Hot2Cold Vents by the Numbers

Photo: Jason Sylvan © WHOI

Days at sea = 30

People on board = 48 (22 Atlantis crew + 8 Alvin Group + 2 Shipboard Science Support Group + 16 scientists)

Alvin dives on the East Pacific Rise = 13 (+ one incomplete due to electrical ground)

Distance Alvin traveled on the seafloor during these dives = 31,299 meters

Scientists making their first dive in Alvin = 11

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Happy 40th to Black Smoker Vents

By Eoghan Reeves

Happy 40th! On April 21, 1979, WHOI submersible pilot Dudley Foster took the first picture of a hydrothermal “black smoker” vent. Foster and scientists Bill Normark (USGS) and Thierry Juteau (a French volcanologist) discovered the seafloor hot spring during an Alvin dive to the East Pacific Rise, where they spied a spectacular sight through the sub’s viewports. The fluid coming from the vent was 350°C (662°F), so hot that it melted the first temperature probe the scientists used to measure the fluids that day.

At left, the first black smoker chimney seen by humans, photographed in 1979 at 21°N on the East Pacific Rise. At right, the chimney known as Marker 10, photographed in 2019 at 9°N on the East Pacific Rise. (Photos: Dudley Foster, ©WHOI and Amy Gartman, ©WHOI)
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Breaking Down Barriers

By Rose Jones

I stare out of research submersible Alvin’s porthole at an alien landscape of glittering obsidian shards and towering vents belching black smoke, 2500 meters below the sea surface. The unforgiving, austere feel and endless horizons remind me inexplicably of home among the mountains and slate tips of Wales. It’s a comparison I still can’t believe I’m in a position to make.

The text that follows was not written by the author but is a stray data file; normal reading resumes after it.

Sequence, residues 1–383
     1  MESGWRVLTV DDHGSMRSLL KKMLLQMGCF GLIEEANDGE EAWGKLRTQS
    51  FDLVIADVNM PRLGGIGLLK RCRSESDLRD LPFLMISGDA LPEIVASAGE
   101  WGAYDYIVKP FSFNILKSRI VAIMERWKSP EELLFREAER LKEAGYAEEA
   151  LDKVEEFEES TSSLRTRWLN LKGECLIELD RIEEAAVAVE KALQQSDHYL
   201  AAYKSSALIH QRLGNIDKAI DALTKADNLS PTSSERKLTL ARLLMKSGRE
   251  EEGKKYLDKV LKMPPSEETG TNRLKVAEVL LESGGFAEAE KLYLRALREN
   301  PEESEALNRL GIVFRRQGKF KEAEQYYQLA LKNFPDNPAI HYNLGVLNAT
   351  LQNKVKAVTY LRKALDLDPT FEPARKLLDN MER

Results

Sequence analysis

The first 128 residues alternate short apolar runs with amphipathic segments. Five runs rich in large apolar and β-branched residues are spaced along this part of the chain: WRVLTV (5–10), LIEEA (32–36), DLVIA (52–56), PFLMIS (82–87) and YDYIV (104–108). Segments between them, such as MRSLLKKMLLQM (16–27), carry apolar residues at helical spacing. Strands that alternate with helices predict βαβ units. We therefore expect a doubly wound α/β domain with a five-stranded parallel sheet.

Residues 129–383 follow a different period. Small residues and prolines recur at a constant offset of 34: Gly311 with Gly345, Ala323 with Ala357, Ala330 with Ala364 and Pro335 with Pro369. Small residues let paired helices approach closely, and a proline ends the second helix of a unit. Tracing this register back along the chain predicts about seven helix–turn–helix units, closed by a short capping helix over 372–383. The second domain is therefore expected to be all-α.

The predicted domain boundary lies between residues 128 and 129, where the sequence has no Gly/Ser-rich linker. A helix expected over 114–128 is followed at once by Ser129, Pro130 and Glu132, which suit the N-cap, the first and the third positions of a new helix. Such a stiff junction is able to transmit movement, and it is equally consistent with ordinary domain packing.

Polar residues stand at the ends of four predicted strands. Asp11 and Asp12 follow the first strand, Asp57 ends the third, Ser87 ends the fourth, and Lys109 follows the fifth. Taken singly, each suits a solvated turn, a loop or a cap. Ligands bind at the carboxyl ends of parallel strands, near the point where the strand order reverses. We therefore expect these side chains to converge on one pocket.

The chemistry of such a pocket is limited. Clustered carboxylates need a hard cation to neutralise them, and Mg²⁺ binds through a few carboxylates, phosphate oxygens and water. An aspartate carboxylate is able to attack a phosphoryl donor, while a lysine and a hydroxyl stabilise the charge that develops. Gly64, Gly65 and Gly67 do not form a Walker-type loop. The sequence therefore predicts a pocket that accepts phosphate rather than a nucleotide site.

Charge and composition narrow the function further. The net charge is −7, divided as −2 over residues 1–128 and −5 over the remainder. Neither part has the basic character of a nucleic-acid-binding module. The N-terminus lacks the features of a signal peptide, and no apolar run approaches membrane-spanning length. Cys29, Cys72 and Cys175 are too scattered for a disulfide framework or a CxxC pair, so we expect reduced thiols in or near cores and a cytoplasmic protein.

Rose Jones peers through one of Alvin’s viewports during her first dive in the sub. (Photo: Amanda Achberger© Woods Hole Oceanographic Institution)
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Testing Hypotheses

By Mike Henson

I peered out of the porthole of HOV Alvin like a child at an aquarium looking at the sharks. But the sharks were replaced by Bio9, a hydrothermal vent in the East Pacific Rise off the coast of Central America. The vent towered in the deep ocean like a castle from the Middle Ages, set on top of a large mountain of rocks flanked by two pillars that billowed black smoke from chimneys throughout them.

Bio9 vent. (Photo courtesy of Jason Sylvan, Texas A&M University; funded by NSF; ©Woods Hole Oceanographic Institution)
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Dating Hydrothermal Vents

A panoramic view of the lab where pieces of vent chimneys collected by expedition scientists go to dry out. Some of these will be used by the Jamieson lab to determine the age of the vents at 9° 50’ North on the East Pacific Rise. (Photo: Rebecca Fowler)

When a vent chimney transitions from hot and actively venting to cold and inactive, the types of microbes inhabiting the vent change too. At 9° 50’ North on the East Pacific Rise, archaea typically reign over hot chimneys, and bacteria rule the cold ones.

A goal of Hot2Cold Vents is to understand how long it takes for the bacteria to replace the archaea. Learning the history and age of a chimney is one way to do this.

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National Submarine Day

Every once in a while you get to celebrate National Submarine Day with an actual sub. Hot2Cold Vents scientists—and many others—are grateful to Alvin for helping us study and explore the wonders of the deep sea. And thanks to our friends at Woods Hole Oceanographic Institution for letting us know about this holiday.

Skype with Hot2Cold Vents Scientists

Amanda Achberger, Rose Jones, and Jason Sylvan with Alvin. (Photo: Rebecca Fowler)

On Thursday, April 11 at 12:00PM EST, Hot2Cold Vents scientists Amanda Achberger (Texas A&M University), Rose Jones (University of Minnesota), and Jason Sylvan (Texas A&M University) are hosting a YouTube live session from the R/V Atlantis. They’ll field questions about deep-sea science, hydrothermal vents, microbial life, Alvin, and more. The event is hosted by Skype a Scientist and anyone can join. If you missed the live session, use this link to watch it anytime.